GT: I agree, they are precise, fresh and optimistic. They don’t have a lot of silly jewellery – so they speak of luxury.
NB: One of the main highlights of Phantom VIII is ‘the gallery’. Spanning the width of the dashboard, this is a chance for customers to commission their own works of art to form their on-the-road exhibition. It really is a stage for self-expression, taking the concept of bespoke, so crucial in luxury motoring, to an entirely new level…
GT: It could be a Pandora’s box! But it will be exciting to see what some of our more artistic and creative customers will do here. ‘This space is for you’, is the message we’re sending. An art lover and the more confident clients wouldn’t be able to resist. The customers driving these cars have egos and characters that need expressing. Equally, many customers may ask to work with our team and seek an artistic hand. That is the beauty of it.
NB: Is it an exciting project to work on?
GT: As designers working in automotive, the gallery has opened-up a whole new world. Our crafts people at Goodwood love a challenge and have welcomed the gallery too. It really is a hugely innovative feature in an auto setting. It is something that couldn’t work in a ‘tick-box’ world.
NB: You’ve spoken to me in the past about luxury for Rolls-Royce being about the journey, creating a world that revolves a little slower, a world that is more of a sanctuary. Here the interior is envisaged around the idea of ‘the embrace’. Can you expand?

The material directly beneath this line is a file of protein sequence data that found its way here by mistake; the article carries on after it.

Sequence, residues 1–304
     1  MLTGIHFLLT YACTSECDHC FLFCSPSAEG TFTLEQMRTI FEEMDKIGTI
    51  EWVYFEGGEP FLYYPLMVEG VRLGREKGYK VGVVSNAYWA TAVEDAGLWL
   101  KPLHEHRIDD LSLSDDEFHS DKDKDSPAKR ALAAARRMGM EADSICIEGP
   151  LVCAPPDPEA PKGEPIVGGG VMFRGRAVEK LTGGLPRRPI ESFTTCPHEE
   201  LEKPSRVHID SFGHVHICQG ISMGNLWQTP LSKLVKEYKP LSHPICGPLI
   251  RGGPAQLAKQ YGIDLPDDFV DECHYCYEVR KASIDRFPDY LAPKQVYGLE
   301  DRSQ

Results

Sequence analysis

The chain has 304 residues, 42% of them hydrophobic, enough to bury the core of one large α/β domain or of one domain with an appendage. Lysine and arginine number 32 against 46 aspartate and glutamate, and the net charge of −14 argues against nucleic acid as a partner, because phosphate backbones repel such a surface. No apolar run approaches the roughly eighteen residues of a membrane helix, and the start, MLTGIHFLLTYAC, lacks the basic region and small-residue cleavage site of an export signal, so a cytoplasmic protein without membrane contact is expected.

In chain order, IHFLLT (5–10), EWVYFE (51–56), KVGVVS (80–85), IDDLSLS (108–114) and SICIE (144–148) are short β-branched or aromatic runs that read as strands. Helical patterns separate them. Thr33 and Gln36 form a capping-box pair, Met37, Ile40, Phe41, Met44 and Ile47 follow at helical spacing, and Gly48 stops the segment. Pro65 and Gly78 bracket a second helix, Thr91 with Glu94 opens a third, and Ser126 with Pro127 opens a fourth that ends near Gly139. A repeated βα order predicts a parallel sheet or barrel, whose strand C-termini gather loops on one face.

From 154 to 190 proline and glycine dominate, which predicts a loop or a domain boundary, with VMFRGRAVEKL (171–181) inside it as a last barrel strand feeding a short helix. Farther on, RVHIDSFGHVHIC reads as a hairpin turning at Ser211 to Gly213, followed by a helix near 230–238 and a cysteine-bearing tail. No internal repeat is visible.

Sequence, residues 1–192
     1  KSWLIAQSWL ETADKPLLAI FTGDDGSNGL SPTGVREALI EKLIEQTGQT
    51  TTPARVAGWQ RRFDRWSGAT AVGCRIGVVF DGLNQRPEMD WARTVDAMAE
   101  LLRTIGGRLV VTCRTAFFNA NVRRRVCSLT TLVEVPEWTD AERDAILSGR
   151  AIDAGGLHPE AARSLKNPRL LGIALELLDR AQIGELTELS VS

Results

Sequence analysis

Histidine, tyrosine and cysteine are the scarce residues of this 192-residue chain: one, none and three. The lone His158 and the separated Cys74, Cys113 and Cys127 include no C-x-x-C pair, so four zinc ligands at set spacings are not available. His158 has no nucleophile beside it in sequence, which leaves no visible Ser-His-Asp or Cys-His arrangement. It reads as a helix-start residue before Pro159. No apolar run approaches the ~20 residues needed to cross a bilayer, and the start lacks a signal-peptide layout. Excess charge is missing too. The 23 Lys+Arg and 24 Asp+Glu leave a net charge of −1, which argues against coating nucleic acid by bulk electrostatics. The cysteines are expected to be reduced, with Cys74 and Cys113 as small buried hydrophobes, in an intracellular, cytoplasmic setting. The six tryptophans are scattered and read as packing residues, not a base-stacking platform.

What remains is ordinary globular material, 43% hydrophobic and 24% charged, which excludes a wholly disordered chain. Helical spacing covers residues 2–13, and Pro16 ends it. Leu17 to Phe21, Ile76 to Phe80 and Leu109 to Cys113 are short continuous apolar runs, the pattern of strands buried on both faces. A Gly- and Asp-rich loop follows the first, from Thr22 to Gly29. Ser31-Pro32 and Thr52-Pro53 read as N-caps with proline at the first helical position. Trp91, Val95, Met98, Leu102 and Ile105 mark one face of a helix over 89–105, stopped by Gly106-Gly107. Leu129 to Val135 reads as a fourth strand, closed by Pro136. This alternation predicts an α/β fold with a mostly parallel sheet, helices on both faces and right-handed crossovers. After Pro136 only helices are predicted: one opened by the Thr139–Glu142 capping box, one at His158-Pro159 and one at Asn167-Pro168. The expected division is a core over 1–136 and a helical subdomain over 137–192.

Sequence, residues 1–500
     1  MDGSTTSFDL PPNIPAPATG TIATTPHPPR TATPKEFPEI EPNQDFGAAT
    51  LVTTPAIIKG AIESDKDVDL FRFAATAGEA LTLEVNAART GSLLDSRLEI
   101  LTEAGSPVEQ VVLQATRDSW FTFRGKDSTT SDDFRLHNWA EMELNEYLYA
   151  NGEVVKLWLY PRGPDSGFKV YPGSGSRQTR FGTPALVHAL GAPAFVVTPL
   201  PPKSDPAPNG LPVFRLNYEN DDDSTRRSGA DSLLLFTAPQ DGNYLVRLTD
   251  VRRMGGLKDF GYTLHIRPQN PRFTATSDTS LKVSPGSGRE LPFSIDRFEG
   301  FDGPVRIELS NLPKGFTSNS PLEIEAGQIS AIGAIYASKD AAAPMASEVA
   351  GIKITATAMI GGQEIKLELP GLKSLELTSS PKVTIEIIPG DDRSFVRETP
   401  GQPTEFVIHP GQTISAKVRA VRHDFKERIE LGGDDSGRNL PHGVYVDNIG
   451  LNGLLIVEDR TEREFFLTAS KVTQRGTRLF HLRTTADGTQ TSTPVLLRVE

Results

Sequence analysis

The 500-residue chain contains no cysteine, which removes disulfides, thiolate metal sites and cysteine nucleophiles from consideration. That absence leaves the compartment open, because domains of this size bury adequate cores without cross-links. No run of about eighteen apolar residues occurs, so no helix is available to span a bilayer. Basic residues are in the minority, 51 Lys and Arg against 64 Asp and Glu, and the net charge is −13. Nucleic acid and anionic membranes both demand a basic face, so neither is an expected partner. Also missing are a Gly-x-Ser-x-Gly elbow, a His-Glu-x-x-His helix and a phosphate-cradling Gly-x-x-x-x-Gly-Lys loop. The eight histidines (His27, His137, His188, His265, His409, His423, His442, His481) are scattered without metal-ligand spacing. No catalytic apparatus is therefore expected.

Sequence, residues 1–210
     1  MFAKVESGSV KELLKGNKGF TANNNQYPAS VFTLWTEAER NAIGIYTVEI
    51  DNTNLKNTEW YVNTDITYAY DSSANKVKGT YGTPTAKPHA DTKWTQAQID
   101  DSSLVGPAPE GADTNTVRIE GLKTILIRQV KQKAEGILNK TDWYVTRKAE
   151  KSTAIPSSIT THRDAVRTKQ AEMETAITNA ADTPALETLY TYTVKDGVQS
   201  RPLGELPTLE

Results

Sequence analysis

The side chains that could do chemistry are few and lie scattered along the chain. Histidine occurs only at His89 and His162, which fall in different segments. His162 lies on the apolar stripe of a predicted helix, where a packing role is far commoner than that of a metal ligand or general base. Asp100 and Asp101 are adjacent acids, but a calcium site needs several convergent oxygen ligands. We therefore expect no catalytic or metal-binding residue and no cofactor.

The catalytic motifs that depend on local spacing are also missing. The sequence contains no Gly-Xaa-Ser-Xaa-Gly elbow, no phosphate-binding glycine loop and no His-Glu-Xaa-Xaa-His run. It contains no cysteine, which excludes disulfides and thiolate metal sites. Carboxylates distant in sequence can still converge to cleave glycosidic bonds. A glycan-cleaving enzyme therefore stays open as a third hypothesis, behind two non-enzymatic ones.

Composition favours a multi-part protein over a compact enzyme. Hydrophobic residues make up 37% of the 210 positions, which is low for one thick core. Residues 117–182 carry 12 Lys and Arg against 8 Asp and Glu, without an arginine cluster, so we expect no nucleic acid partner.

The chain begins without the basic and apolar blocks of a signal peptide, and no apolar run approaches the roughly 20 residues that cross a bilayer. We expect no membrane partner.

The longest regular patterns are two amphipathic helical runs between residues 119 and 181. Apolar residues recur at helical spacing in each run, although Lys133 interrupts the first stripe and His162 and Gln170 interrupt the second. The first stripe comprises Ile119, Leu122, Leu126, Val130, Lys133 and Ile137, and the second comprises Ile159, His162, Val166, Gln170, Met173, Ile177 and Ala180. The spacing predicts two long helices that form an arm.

GT: It is about embellishing a story. So, the embrace begins with the fascia at the front, balanced to offer a social environment. In the rear, the way the coach doors are positioned forward becomes a gesture of embrace, and the passenger bench seats can be tilted to encourage social interaction. Technology is remotely controlled allowing passengers to sit back as the world comes to them. A crystal decanter and cooled glasses made bespoke by us are housed in the rear console. Finally, the starlight headline completes the story.
NB: What role do materials, textures, craftsmanship, stitching play in helping achieve this feeling?
GT: Every single interior element has been hand trimmed; it has the signature of the craftsman. There is an emotional connection. This is so unique to us at Rolls-Royce.
NB: Is Phantom VIII the most silent ride you have ever created?
GT: Absolutely. Psychologically, the embrace is also the touch of silence – the idea that you are riding with no noise pollution. As soon as the coach doors close shut, the Phantom driver can find inner solace. More than any of our cars, Phantom is about this sense of privacy and sanctuary.
NB: Is this something that relates to the idea of luxury going forward?
GT: Yes, definitely!
NB: How do you envisage the future for your brand?
GT: The Rolls-Royce DNA is about modernity. If you look back at our early Phantoms, for instance, there is a sense of purity in the design, of almost austerity. There is not a lot going on but clean shapes and incredible craftsmanship and execution. Modernity, craft, high tech is in our DNA.< Back